Ruth Foley, from the Ecumenical Advocacy Alliance, speaks about how faith communities are linking theology, human rights and HIV.
The Ecumenical Advocacy Alliance is a network of some 80 Christian and faith-based organizations, including Caritas Internationalis, Catholic Relief Services and the International Network of Religious Leaders living with and affected by HIV who are all represented here today. We recognize that the legal environment in the vast majority of states cannot be understood in isolation from the faith values and traditions practiced by citizens and government leaders alike.
We commend the framework for legal accountability for violations of the God-given dignity of every human being that is embodied in the Universal Declaration of Human Rights and the wider canon of international human rights law. We view this framework as the best available set of tools for seeking justice for victims of human rights violations. However, while some religious communities have fully integrated human rights as part of their identity and purpose, we are aware that in different parts of the world and among some religious communities human rights are still viewed as imposed values.
We see some potential for reframing this conversation by, for instance, speaking of human dignity and of justice, which are central values for all faith communities and also undergird human rights law. However, we believe that more needs to be done to accompany religious communities in exploring how best to relate, through their theology as well as in their policies and programmes, to the body of law and practice that is human rights.
We recognize with deep regret and alarm that religious communities are themselves too often responsible for exclusion and stigmatization, rather than for the inclusion and nondiscrimination that both faith values and human rights principles demand.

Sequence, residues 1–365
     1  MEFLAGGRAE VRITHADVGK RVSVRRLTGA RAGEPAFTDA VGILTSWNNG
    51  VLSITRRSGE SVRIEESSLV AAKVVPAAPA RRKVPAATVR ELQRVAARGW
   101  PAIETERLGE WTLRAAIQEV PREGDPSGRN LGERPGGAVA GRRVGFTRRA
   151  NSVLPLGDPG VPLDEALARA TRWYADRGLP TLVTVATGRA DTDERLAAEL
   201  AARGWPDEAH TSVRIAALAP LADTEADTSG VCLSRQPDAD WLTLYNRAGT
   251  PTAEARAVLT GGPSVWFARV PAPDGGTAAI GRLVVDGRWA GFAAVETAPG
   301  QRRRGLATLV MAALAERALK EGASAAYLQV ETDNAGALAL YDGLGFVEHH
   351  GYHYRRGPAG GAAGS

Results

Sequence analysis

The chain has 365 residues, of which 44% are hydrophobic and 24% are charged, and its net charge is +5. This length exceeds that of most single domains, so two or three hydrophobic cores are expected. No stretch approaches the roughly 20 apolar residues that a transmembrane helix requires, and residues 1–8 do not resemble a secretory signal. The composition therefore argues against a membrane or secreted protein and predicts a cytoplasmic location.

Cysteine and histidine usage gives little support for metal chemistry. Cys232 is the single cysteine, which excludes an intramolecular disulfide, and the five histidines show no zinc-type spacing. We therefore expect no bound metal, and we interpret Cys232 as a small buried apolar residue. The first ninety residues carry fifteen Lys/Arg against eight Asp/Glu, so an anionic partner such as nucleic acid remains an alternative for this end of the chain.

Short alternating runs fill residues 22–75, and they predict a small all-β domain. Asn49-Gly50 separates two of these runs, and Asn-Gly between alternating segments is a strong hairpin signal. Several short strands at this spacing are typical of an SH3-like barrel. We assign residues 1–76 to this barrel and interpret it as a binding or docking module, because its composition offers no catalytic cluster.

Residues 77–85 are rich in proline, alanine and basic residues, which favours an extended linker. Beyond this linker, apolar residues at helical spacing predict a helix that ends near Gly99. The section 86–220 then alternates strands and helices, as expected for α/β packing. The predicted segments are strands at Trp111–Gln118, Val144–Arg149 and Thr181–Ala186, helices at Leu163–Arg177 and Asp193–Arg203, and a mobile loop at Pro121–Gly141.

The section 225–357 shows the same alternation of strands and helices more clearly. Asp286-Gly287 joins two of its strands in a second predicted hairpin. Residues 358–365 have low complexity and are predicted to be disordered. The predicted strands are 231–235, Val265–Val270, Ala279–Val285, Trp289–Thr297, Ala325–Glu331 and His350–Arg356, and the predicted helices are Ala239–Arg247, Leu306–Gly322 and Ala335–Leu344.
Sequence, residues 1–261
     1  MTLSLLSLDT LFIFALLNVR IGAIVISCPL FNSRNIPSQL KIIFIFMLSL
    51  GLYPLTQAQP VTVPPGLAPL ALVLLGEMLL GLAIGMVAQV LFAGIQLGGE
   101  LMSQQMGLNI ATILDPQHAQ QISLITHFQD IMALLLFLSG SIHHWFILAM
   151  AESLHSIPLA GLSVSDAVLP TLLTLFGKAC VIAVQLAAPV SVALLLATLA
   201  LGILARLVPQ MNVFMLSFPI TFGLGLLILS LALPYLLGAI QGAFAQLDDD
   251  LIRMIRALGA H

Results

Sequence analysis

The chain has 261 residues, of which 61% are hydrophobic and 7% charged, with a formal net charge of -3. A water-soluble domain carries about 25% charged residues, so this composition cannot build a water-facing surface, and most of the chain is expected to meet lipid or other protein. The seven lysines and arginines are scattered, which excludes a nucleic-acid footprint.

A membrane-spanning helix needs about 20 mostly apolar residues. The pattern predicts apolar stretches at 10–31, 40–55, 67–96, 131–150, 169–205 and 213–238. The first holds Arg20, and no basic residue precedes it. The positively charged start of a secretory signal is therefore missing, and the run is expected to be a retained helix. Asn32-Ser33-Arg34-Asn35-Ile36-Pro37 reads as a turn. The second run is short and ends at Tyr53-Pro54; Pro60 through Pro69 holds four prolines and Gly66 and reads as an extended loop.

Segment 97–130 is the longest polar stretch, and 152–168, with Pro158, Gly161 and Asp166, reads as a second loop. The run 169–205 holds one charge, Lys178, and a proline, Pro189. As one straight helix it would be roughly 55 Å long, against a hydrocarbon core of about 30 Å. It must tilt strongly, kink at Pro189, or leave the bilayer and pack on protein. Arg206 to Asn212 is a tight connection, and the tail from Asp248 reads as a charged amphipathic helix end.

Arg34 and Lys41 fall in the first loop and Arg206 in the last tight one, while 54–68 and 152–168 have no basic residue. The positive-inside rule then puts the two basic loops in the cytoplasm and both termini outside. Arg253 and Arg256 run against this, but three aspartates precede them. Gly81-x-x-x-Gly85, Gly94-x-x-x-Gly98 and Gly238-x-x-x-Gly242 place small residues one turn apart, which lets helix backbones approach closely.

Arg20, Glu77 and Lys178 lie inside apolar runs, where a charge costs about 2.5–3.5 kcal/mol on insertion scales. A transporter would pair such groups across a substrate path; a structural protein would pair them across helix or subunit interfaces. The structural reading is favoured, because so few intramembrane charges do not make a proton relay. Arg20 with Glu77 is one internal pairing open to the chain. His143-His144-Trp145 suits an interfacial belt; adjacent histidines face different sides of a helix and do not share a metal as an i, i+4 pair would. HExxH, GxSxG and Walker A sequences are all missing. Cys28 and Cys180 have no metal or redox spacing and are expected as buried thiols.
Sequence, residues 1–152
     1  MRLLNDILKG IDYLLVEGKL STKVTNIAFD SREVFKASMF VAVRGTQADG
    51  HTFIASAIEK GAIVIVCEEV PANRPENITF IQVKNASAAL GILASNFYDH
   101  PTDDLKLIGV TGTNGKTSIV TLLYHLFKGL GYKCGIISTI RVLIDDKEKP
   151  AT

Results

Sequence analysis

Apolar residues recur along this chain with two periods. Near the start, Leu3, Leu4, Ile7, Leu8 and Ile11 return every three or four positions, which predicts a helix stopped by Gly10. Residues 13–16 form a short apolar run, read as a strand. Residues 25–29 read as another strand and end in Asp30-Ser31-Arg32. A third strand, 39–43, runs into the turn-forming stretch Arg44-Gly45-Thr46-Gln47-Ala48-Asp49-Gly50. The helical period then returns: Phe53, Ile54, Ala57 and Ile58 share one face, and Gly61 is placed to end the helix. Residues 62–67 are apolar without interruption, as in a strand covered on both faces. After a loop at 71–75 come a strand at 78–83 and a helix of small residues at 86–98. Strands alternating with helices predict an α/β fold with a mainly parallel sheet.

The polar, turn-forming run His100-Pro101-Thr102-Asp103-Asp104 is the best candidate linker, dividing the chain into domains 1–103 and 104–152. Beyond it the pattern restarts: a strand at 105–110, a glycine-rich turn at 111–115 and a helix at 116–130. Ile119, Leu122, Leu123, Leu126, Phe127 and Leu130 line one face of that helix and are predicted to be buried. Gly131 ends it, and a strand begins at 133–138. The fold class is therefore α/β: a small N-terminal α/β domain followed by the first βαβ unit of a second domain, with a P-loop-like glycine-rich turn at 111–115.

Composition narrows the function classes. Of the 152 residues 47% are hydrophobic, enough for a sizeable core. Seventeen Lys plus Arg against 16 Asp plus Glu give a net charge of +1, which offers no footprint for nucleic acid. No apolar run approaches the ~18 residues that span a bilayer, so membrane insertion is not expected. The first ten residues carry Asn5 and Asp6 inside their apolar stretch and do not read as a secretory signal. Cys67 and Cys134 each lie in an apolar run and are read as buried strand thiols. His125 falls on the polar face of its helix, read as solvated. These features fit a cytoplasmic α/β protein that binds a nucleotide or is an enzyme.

As a result, in partnership with UNAIDS, the Norwegian government and UNFPA, we have begun a process of dialogue addressing the links between theology, human rights and HIV, within the faith community and with key partners in the response to the AIDS pandemic and in the human rights movement, including people living with HIV and representatives of key populations. We hope to continue and expand this dialogue, so as to engage member states, law makers and law enforcers, NGOs and civil society and other key actors.
With regard to access to life-saving pharmaceuticals, we consider licensing arrangements for the development and production of such medicines to be a key piece of the legal architecture for the HIV response – and an important contributor (or obstacle) to the realization of the human right to the highest attainable standard of health. The Medicines Patent Pool is clearly the leading innovation in this field. Though its early outcomes may not be all that the human right to health demands, they are clearly a step in the right direction.
The MPP deserves our support. As the EAA, we see advocacy and accountability for justice and human rights for all as an imperative within the HIV response and we look forward to working with members of the PCB Board, including civil society and people living with HIV, to engage religious leaders and groups in constructive dialogue to eliminate stigma and discrimination and find ways of moving towards the three Zeros together.